Sunday press conferences starting with Labor’s Rebecca White, Bastian Seidel (06:50), Sarah Lovell (14:40) and then Tas Greens’ Rosalie Woodruff (17:10)
The Tasmanian government will suspend cruise ship arrivals until the end of June after one last boat Sunday afternoon.
Premier Peter Gutwein said the ban will be reviewed in June. “While the risk to the public of coronavirus remains low, we want to take all precautionary action to manage the situation proactively, and keep people safe,” he said.
The federal government has also suspended cruise ship arrivals disembarcations for thirty days.
He described that last permitted boat as “a small domestic cruise vessel, carrying 43 mainly domestic passengers which home ports at Hobart during the cruise ship season, and has been in Tasmanian waters since 31 December.” The vessel will make a final call to Hobart Port on Sunday to refuel and re-provision; no passengers will disembark and it will depart later today.
He said the ban decision was not taken lightly, and had been done in consultation with senior members of the State Emergency Management Committee, Tasports and the tourism industry.
“While I know this places challenges on our tourism industry and visitor economy, I strongly believe we must act to make the decisions that best protect Tasmanians and help to manage COVID-19 risks to our state,” said the Premier.
There are 12 scheduled cruise ship visits during the announced ban period: five to Hobart, five to Burnie and two to Port Arthur. The cruise industry has been notified of the decision to suspend these port stops. “While this is a difficult decision, Tasmania looks forward to welcoming our cruise visitors back to our state as soon as it is the right time to do so.”
Both Labor and the Greens supported the moves. “The Greens commend the Premier for banning cruise ship arrivals in Tasmanian ports,” said Franklin MHA Rosalie Woodruff. “This is the kind of decision-making required to keep people safe. We need to put the health of people who would become severely ill first, and reduce the impact on our already stretched hospital system.”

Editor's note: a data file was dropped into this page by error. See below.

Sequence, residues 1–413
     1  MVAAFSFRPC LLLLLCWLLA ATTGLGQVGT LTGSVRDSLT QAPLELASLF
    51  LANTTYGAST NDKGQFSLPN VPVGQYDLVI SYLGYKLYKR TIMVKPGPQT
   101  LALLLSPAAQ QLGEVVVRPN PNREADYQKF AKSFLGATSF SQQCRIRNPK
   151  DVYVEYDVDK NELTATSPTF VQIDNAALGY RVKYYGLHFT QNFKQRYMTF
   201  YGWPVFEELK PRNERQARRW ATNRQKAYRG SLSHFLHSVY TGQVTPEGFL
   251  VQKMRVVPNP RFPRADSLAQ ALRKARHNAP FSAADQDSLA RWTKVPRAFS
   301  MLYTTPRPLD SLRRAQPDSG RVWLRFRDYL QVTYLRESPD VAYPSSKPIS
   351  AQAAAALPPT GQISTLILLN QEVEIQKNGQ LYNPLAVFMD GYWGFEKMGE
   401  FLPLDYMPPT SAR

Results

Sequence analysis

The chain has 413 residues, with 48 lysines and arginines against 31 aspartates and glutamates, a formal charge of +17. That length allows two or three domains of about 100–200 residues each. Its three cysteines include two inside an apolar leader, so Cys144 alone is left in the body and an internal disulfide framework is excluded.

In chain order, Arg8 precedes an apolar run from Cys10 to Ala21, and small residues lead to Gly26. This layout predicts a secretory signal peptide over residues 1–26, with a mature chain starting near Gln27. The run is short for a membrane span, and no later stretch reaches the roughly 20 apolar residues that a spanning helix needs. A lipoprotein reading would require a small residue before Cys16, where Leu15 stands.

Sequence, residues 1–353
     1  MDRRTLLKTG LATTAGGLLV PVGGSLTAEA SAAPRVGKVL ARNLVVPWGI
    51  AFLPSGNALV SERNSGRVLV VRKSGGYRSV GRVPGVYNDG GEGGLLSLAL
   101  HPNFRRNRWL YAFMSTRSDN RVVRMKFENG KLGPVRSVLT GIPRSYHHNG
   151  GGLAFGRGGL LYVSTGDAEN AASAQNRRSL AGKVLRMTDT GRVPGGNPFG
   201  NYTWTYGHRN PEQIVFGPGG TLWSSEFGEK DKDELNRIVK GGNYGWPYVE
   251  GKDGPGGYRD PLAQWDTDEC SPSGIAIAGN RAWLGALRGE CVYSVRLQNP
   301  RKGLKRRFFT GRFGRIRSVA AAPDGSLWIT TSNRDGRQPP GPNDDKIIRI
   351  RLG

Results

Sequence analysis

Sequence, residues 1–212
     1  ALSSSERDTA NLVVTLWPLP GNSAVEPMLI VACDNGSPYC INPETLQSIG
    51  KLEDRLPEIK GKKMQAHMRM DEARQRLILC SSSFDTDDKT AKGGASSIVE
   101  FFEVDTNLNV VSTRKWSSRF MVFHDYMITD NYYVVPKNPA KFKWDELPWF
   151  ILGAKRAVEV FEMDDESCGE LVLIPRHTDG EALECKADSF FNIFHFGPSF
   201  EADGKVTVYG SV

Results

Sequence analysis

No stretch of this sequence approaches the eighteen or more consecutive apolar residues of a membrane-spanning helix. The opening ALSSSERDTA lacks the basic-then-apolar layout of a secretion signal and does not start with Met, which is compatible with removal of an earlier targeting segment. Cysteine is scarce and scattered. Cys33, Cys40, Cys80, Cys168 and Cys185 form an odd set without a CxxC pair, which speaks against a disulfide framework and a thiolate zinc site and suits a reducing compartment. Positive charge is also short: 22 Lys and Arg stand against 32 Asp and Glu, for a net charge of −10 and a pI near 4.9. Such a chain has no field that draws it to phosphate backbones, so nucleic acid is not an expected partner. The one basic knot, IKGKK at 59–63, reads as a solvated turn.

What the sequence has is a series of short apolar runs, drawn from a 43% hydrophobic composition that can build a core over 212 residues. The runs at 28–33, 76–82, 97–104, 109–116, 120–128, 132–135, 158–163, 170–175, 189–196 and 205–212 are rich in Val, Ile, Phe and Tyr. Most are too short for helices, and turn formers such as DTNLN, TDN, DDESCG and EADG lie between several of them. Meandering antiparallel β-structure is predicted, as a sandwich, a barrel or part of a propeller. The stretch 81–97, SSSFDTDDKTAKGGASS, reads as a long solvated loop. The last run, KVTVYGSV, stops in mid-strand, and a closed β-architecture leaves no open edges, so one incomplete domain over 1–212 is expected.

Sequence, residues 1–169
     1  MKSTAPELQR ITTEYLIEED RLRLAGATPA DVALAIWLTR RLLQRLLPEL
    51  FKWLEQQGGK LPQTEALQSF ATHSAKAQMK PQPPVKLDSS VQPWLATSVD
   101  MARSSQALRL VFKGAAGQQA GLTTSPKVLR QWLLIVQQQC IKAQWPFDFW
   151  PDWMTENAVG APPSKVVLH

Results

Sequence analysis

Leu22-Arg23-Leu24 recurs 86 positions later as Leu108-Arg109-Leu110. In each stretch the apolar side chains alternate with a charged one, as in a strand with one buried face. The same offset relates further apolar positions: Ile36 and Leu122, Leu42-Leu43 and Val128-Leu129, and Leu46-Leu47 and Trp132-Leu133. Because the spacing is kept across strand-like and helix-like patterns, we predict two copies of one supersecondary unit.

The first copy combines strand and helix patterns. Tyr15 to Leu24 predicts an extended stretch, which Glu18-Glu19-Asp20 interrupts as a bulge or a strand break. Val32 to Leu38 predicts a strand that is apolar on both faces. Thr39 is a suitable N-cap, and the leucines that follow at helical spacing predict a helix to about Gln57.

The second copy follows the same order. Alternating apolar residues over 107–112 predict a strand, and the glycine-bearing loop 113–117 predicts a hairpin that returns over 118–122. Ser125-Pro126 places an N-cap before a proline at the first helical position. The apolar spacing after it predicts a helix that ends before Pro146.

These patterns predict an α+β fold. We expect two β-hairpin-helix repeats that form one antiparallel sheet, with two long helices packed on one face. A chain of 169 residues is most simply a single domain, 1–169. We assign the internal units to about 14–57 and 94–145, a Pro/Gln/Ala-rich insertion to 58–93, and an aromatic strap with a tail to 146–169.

Woodruff said we still had a window of opportunity to slow the spread of the virus. “We need to follow the lead of New Zealand,” she said. “We are an island state and we have the ability to enact social distancing and movement restriction measures.” She said the 14-day self-isolation, now to apply to international entrants, should apply to people arriving in Tasmania, though with exemptions.
Labor called for action from the Government, coupled with clear communication to the public about how to support one another and avoid illness. “Consideration should be given to greater screening of passengers at our airports and the Spirits of Tasmania including, at the very least, taking temperatures and recording the details of people who arrive,” said Labor leader Rebecca White. “That should happen.”
“The risk is if we don’t take action and do it quickly, our health system will be overwhelmed,” she said, “and that will have an impact on everyone who needs healthcare in Tasmania, not just those who are presenting for care for COVID-19 and symptoms associated with that.”
She urged the government to communicate clearly and concisely.
“What we need to be doing is providing advice to people about what they need to do.”
White asked that the Opposition be included in key briefings by the government. “We would very much like to be alongside the government getting the same information they are getting from public health officials, because we’re getting contacted by every single day by people asking how we can help them. However the provision of information by this government to the public has not been sufficient. It’s very confusing.”